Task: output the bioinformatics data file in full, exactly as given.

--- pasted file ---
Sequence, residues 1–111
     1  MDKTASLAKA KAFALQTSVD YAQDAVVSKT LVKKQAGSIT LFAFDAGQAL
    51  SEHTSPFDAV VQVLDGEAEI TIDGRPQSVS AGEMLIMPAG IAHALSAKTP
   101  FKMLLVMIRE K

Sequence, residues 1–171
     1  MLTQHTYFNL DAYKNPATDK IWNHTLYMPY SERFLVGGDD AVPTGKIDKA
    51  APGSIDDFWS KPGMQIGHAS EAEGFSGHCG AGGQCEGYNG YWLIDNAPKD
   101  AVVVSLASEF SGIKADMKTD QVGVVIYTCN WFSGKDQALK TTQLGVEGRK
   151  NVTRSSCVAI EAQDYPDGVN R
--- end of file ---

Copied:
Sequence, residues 1–111
     1  MDKTASLAKA KAFALQTSVD YAQDAVVSKT LVKKQAGSIT LFAFDAGQAL
    51  SEHTSPFDAV VQVLDGEAEI TIDGRPQSVS AGEMLIMPAG IAHALSAKTP
   101  FKMLLVMIRE K

Sequence, residues 1–171
     1  MLTQHTYFNL DAYKNPATDK IWNHTLYMPY SERFLVGGDD AVPTGKIDKA
    51  APGSIDDFWS KPGMQIGHAS EAEGFSGHCG AGGQCEGYNG YWLIDNAPKD
   101  AVVVSLASEF SGIKADMKTD QVGVVIYTCN WFSGKDQALK TTQLGVEGRK
   151  NVTRSSCVAI EAQDYPDGVN R